DRY THROUGH TOMORROW: Sunshine returns to Alabama in full force today; look for a high between 45 and 49 degrees this afternoon for most communities. The average high for Birmingham on January 28 is 55. Tonight will be clear and cold; we project a low in the mid 20s early tomorrow… some of the colder spots could see low 20s. Then, during the day tomorrow, the sky will be sunny with a high in the mid 50s.
THE ALABAMA WEEKEND: The day Saturday will be dry with a high in the low to mid 60s. After morning sunshine, clouds move in by afternoon, and rain arrives Saturday night. For now the air looks stable, and there is no risk of severe thunderstorms, and probably little thunder. The rain will end Sunday morning… rain amounts of 1/2 inch or less are expected. Clouds linger through much of the day Sunday, and temperatures will remain mild with highs in the 60s.
NEXT WEEK: Colder, drier air arrives Monday as high drop into the upper 40s. Then, we stay rain-free Tuesday and Wednesday with highs in the 50s. Rain, and possibly a few thunderstorms, will return Thursday night and Friday; too early to know if strong storms will be a possibility. See the Weather Xtreme video for maps, graphics, and more details.
ON THIS DATE IN 2014: Light snow was forecast for North/Central Alabama as a winter storm approached Alabama… heavier snow amounts were expected for the southern half of the state where moisture was deeper. A “dusting” was forecast for places like Birmingham and Tuscaloosa. As it turned out, Birmingham would receive two inches of snow from the event. Light snow, but still more than a “dusting”. It turned out to be a “dusting of chaos”.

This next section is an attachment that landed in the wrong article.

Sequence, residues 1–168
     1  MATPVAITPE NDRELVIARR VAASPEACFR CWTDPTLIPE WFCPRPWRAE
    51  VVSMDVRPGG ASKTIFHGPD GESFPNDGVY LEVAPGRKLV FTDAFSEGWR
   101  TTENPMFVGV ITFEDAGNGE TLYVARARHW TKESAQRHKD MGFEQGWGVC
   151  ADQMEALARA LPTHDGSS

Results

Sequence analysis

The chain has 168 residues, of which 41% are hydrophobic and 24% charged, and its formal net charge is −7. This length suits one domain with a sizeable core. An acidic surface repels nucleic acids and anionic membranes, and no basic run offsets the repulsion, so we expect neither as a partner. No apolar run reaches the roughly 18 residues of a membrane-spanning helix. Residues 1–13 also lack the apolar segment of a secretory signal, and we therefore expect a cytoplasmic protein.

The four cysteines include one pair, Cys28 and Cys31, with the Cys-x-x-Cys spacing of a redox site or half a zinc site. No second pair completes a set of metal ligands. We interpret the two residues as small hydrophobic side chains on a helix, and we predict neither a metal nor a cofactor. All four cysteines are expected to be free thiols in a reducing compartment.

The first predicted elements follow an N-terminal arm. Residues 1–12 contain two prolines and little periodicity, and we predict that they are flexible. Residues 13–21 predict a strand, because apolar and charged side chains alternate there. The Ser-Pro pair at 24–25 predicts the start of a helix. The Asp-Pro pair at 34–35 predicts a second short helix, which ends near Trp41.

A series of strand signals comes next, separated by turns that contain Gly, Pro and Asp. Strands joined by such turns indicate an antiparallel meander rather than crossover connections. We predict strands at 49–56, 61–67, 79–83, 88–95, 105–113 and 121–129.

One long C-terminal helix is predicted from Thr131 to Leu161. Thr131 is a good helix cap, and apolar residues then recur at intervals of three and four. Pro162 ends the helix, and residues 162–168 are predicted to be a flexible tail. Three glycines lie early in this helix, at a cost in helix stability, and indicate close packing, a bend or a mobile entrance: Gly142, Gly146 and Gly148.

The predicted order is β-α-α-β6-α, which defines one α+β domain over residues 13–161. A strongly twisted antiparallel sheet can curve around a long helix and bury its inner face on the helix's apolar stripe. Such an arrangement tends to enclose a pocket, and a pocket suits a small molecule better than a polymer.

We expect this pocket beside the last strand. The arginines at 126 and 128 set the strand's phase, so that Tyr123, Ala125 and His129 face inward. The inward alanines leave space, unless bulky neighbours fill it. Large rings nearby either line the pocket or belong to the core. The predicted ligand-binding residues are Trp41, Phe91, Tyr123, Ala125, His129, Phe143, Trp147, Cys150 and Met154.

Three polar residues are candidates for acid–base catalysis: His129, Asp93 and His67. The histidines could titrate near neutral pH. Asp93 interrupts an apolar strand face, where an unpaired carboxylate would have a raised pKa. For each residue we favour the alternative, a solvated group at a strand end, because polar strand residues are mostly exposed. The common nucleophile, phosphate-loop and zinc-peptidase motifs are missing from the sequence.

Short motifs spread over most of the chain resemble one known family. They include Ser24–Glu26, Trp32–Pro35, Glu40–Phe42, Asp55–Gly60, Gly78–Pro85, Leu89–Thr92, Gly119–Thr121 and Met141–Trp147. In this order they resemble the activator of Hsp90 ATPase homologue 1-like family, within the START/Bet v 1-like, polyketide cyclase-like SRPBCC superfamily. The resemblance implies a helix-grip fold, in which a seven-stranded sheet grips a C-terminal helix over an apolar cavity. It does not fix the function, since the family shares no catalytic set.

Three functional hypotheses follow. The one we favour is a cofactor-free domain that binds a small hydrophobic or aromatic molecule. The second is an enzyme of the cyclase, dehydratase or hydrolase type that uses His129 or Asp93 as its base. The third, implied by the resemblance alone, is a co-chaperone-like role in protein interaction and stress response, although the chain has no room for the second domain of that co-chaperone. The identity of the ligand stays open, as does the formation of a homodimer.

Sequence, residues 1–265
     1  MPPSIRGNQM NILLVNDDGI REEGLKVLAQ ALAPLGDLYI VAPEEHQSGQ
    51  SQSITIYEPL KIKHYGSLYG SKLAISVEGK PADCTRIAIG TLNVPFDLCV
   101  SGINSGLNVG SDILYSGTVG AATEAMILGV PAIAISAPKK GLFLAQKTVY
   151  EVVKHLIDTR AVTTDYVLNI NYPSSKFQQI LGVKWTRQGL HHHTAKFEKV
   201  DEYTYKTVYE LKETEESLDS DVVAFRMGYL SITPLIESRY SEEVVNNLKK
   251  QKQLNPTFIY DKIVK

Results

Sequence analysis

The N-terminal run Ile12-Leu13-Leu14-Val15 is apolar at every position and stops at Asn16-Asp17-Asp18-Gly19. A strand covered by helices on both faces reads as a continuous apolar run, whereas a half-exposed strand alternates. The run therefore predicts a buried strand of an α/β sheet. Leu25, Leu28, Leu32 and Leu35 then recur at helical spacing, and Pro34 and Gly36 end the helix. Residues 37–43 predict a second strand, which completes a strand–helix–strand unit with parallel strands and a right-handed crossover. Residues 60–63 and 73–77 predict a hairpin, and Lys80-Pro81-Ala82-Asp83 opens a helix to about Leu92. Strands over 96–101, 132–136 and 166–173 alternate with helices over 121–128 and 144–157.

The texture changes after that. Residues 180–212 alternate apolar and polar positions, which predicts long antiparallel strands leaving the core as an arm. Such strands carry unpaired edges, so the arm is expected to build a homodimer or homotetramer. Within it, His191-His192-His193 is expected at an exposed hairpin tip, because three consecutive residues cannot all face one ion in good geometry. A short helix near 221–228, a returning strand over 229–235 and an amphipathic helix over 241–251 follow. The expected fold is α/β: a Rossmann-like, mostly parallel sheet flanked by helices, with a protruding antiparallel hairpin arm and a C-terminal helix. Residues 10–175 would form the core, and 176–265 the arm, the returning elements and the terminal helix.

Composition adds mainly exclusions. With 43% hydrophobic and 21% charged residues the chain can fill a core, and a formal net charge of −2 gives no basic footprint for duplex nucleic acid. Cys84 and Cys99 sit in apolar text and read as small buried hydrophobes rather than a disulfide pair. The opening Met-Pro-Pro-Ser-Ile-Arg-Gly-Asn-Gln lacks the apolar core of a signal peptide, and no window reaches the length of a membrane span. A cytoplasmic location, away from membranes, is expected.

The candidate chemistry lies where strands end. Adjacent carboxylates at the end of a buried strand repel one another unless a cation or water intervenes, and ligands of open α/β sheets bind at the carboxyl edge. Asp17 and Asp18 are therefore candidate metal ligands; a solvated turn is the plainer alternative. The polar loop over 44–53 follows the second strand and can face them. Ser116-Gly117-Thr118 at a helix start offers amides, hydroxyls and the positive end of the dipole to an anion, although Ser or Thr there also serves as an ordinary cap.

But, the big forecast bust involved impact, which is all that matters. We expected “no travel issues” for the I-20 corridor. Horribly wrong. As the light snow fell on the morning of January 28, it melted due to warm ground temperatures. But, the air temperature was only 18 degrees, and the snow melt immediately turned to ice. A flash freeze… something we have no experience with here. Roads were coated with ice, and turned into skating rinks. The 2 inches of snow had the impact of a major ice storm for travel, and as everyone left from work and school at the same time on ice covered roads, there was gridlock. Some were stranded on roads for over 10 hours. Many abandoned their vehicles and walked, look for shelter. There were nine deaths attributed to accidents that occurred due to the icy road conditions.
We often wonder if we should be in the business of forecast road conditions anyway; our training is all about what happens in the atmosphere, not ice accretion on roads.
For me, in terms of forecast busts, it ranks number two on the list in a 42 year career. Number one was the 1982 ice storm, a catastrophic event when ice and snow came in almost 8 hours ahead of forecast.
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Look for the next Weather Xtreme video here by 3:00 this afternoon… enjoy the day!